WH Coronavirus Task Force Says Local Responses To Outbreaks Are Key

The task force is keeping an eye on 16 states where cases are rising. Increases in the rate of positive results raise the biggest red flag.

WH Coronavirus Task Force Says Local Responses To Outbreaks Are Key
Susan Walsh / AP

The White House Coronavirus Task Force stepped back in front of a microphone Friday, urging local officials to take action as new cases surge in 16 states.

"This disease is tackled community by community," said Dr. Deborah Birx.

"With a focus on community testing and community-based interventions," said Secretary Alex Azar.

"What we're dealing with right now is community spread," said Dr. Anthony Fauci.

It was the first task force press briefing in about two months, and it comes as some states are backtracking their reopening plans because of an increase in cases. Texas, Arizona, Florida and California are seeing some of the sharpest increases. More cases are to be expected with more testing, but it's an increase in the rate of positive results that raises the biggest red flag. Dr. Deborah Birx used Texas as an example.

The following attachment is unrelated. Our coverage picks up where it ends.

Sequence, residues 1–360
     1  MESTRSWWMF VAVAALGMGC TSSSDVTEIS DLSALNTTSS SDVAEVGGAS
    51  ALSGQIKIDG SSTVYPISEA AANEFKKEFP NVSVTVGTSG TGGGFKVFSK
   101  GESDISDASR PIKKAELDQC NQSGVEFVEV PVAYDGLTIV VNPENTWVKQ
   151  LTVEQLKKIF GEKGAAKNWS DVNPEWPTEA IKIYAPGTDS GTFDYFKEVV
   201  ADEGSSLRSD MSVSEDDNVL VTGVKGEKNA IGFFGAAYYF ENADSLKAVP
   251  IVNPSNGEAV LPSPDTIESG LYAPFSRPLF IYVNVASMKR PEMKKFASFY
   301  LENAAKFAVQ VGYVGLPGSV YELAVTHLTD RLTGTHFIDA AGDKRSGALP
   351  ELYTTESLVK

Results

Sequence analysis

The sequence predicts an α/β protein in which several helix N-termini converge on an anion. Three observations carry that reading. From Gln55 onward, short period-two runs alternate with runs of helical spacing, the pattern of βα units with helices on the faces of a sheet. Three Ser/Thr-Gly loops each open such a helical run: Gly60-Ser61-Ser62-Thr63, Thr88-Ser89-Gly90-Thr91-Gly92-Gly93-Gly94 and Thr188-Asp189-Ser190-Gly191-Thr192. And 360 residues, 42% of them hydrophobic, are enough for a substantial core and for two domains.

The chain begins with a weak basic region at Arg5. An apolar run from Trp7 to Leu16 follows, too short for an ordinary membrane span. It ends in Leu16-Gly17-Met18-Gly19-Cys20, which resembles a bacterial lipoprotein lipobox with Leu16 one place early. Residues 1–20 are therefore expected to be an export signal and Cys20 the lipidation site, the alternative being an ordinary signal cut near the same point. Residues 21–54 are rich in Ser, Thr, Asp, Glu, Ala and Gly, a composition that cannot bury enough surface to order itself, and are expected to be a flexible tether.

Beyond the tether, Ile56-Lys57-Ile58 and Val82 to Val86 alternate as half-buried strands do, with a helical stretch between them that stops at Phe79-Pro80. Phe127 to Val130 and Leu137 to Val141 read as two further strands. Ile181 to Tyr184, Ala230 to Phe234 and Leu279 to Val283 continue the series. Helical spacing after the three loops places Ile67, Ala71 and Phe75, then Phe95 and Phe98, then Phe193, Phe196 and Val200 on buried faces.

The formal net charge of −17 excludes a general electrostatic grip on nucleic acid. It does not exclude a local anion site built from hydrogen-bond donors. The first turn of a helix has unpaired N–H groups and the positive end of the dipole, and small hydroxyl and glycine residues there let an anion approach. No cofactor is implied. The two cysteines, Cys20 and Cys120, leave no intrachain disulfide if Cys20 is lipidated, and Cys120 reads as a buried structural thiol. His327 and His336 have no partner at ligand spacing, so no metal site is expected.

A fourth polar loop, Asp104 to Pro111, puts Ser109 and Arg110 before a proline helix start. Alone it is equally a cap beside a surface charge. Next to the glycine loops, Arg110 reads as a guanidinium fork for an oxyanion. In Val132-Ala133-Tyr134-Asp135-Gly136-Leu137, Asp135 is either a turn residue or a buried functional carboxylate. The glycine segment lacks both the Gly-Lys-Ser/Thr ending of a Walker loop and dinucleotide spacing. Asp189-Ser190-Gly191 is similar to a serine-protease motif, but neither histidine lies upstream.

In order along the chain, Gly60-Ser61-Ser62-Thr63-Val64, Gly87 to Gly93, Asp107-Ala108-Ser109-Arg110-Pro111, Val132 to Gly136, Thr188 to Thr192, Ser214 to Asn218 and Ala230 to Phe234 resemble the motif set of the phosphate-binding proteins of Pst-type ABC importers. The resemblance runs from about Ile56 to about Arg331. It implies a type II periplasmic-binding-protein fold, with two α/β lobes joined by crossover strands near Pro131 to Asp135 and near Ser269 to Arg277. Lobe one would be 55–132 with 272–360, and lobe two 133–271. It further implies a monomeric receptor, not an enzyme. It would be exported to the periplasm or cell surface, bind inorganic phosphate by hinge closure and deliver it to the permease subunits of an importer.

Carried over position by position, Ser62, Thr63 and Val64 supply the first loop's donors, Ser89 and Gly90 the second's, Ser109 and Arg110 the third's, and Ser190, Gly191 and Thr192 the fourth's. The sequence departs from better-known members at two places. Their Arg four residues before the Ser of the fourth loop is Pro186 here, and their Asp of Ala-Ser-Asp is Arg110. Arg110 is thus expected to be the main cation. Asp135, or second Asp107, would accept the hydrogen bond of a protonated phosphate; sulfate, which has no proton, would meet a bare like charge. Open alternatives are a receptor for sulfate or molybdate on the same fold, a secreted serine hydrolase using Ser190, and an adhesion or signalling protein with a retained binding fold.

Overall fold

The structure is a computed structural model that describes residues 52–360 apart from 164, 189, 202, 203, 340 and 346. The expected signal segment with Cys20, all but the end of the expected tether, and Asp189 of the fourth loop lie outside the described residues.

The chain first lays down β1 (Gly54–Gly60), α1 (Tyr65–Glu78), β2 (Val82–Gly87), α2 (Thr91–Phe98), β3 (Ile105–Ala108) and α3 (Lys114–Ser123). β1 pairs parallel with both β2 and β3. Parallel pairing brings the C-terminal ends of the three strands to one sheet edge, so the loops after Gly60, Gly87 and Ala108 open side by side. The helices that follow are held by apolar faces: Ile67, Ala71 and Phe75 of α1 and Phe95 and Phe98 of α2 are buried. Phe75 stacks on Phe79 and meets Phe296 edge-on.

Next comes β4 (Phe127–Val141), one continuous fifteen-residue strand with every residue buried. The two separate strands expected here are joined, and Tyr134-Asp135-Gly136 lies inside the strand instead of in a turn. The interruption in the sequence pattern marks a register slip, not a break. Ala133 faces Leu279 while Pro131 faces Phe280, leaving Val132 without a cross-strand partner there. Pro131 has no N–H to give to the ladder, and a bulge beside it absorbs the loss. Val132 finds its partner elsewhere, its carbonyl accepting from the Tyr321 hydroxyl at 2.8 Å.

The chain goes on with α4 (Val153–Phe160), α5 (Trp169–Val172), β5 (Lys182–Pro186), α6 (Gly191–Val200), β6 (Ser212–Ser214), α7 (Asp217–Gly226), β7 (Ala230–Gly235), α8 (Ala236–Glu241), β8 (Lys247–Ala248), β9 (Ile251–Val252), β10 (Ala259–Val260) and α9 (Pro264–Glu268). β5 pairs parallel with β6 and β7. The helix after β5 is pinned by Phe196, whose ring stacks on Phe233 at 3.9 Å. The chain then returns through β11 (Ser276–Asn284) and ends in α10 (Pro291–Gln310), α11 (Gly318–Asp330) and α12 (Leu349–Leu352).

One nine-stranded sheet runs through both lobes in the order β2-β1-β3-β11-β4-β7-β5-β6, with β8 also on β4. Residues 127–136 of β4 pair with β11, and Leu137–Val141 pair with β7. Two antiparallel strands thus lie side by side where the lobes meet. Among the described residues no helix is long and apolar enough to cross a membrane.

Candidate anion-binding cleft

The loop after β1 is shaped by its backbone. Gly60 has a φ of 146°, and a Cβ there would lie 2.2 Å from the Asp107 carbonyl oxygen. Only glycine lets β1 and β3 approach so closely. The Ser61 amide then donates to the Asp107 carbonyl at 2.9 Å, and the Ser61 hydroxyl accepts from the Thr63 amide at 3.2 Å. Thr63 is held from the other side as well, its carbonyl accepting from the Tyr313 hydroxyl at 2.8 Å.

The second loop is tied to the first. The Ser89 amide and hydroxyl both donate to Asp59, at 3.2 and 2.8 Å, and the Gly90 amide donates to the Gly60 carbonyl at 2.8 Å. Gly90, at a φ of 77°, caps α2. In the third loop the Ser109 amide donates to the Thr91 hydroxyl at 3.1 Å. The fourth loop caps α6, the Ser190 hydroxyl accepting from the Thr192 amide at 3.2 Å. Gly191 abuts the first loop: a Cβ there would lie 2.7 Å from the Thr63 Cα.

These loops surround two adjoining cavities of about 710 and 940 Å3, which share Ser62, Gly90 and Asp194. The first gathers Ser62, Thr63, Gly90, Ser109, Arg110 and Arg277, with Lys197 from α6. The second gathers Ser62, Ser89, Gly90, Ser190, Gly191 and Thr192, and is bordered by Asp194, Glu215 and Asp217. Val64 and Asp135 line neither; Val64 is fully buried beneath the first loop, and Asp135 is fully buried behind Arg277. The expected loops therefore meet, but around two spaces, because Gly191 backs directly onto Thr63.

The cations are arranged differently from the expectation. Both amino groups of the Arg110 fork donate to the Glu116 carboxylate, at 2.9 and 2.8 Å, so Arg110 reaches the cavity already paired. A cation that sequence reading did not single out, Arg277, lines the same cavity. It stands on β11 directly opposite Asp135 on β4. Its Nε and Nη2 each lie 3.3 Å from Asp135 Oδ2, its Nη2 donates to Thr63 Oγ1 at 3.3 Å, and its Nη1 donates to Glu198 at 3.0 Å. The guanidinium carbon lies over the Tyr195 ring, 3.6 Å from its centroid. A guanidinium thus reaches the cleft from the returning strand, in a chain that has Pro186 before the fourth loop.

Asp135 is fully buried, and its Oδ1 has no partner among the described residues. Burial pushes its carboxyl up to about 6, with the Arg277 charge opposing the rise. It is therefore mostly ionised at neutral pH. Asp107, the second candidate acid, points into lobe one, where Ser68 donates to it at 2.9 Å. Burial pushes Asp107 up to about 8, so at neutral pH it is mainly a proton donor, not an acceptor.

"It was in the last two and a half weeks that we saw this inflection of rising test positivity, along with rising testing. But it was the increase in test positivity that alerted us, along with the increased cases, that this was becoming an alert," said Birx. 

Everyone who spoke Friday stressed that, as a country, we are in a very different place than we were when the pandemic began. Our understanding of the virus, how to treat it and who's most at risk have all greatly improved. But the responsibility for slowing the spread is on everyone. 

"A risk for you is not just isolated to you. Because if you get infected, you are part, innocently or inadvertently, of propagating the dynamic process of a pandemic. Because the chances are that if you get infected, that you're going to infect someone else," said Fauci.

Social distancing, washing your hands and wearing a mask are still the most important steps everyone can take. Vice President Mike Pence, who was the only speaker who did not wear a mask, stressed that people should heed the advice of their local leadership. But at the same time, he said the Trump campaign would continue to hold events with large groups of people. 

"And even in a health crisis, the American people don't forfeit our constitutional rights. And working with state officials, as we did in Oklahoma, as we did in Arizona, we're creating settings where people can choose to participate in the political process, and we'll continue to do that," said Pence.